to grow in. If the plant is stored dry, the artemisinin should be there
from one season to the next.
- No one is suggesting that artemisinin is the only active ingredient
in Artemisia annua. Jansen acknowledges that the effectiveness of
the tea is partly due to other ingredients, as the dose of artemisinin is
too low to account for the observed effect. This is confirmed by in vivo experiments
in mice which showed that A. annua infusion reduces parasitaemia by
50% at day 4, compared to the equivalent dose of pure artemisinin, which
was not significantly more effective than placebo (Plaizier-Vercammen, unpublished).
The presence of other active ingredients suggests that A. annua is
a natural artemisinin combination therapy (Willcox et al, 2004). These other
ingredients also merit further research, to see whether their presence hinders
the development of parasite resistance compared to pure artemisinin.
- In the same experiments, A. annua infusion was less effective
than the full dose of artemisinin (which was tenfold higher), suggesting
that the infusion was not strong enough. The doses used by Jansen (2006),
Mueller et al (2004) and Räth et al (2004) are purely arbitrary, and
lower than those used in traditional chinese medicine (Hsu, 2006). Nine grams
per litre is a very weak infusion: most medicinal infusions are made at the
much higher strength of 50g of dried herb (or 100g of fresh herb) per litre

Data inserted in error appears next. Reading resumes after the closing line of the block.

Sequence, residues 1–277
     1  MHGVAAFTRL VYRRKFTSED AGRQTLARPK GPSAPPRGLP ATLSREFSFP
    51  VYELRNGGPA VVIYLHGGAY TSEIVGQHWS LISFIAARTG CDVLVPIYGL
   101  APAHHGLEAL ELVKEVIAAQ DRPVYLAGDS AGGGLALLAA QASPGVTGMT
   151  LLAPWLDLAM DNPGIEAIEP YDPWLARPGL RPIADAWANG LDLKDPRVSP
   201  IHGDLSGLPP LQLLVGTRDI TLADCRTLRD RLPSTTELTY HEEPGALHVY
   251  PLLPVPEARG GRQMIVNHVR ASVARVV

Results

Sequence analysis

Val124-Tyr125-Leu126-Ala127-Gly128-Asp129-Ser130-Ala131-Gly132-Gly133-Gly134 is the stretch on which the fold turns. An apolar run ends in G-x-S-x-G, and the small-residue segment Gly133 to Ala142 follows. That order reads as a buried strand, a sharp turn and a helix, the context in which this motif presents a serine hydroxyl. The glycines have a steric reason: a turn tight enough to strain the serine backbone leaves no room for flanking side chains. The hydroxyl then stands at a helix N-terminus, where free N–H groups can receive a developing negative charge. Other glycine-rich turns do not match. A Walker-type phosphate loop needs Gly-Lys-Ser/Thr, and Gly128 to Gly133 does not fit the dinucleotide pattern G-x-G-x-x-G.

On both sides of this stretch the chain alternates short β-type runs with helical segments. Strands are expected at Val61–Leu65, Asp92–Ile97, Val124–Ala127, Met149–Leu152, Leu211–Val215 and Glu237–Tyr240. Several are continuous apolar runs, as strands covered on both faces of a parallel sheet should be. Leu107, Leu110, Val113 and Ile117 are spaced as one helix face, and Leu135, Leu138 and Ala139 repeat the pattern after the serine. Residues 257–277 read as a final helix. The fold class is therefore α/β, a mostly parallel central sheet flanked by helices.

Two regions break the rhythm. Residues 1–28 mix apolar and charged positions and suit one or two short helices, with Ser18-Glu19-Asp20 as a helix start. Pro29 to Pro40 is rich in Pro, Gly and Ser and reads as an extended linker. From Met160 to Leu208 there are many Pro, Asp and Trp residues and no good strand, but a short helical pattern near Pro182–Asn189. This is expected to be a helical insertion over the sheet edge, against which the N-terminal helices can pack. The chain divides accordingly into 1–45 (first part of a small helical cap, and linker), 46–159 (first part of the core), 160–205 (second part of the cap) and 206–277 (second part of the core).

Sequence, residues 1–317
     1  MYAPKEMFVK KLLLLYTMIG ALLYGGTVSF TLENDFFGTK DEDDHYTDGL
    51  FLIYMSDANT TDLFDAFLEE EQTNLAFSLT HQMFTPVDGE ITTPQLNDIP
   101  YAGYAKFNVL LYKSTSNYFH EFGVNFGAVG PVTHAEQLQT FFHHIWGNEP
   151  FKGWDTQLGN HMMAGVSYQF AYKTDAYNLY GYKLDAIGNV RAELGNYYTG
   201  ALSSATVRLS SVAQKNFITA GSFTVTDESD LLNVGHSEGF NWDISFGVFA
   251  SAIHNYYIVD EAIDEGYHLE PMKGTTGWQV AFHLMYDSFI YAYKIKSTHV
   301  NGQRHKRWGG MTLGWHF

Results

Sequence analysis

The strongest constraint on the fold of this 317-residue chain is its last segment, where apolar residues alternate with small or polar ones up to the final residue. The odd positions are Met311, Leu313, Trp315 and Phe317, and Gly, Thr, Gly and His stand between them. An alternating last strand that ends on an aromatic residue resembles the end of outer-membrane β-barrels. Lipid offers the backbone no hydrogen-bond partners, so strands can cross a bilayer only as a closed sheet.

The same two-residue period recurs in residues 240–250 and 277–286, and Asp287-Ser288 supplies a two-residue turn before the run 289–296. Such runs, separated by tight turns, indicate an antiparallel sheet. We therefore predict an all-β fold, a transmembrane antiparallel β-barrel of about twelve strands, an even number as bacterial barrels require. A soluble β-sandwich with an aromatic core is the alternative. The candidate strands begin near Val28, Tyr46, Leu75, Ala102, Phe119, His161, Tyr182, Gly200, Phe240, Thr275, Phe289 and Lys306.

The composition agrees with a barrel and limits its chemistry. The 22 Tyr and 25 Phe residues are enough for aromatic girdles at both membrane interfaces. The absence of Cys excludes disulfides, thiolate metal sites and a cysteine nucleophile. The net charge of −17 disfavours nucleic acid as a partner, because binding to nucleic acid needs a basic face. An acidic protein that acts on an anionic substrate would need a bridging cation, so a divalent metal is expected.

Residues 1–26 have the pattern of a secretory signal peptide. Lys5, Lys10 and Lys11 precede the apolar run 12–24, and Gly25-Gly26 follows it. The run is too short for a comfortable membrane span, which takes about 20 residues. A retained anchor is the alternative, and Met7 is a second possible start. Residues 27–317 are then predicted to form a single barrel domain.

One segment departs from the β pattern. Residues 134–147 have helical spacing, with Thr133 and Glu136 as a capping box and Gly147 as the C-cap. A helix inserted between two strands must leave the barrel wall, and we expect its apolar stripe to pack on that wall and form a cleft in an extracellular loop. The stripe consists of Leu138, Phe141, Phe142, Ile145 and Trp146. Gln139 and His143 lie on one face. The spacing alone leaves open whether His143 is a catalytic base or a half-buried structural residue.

of water (Green, 2000). If the preparations tested are insufficiently effective,
the dose needs to be increased. Clinical studies in China have shown that
a dose of 72-125g of Artemisia annua per day for three days was highly
effective (Yao-de, unpublished). Experience to date and the literature suggest
that A. annua is safe and non-toxic, though safety in pregnancy has
not been established. Its LD50 is 162.5 g/kg (Chang & But, 1986). Research
is needed on tenfold stronger infusions (to reach 50g of herb per litre of
water) to compare their efficacy and safety with pure artemisinin at the
- As the above statements make clear, further research is needed
annua teas, to try to improve on the results obtained thus
far. Important questions to address include: can the efficacy of A. annua tea
be increased so that it becomes an acceptable complement to ACTs?
How can we ensure that patients receive an adequate dose? Can A. annua tea
be safely used without accelerating the appearance of resistant strains
of Plasmodium? It is not possible to answer these questions with
a single experiment on a single preparation of A. annua tea.
- While "ACTs for all"would be the ideal strategy,
it is most impractical for poor and remote communities, politically
unstable areas, and people who dislike the use of modern medicine.
There are almost five billion febrile episodes resembling malaria
every year (Breman et al, 2004), most of which need to be treated as malaria,
since most areas do not have adequate diagnostic facilities. Even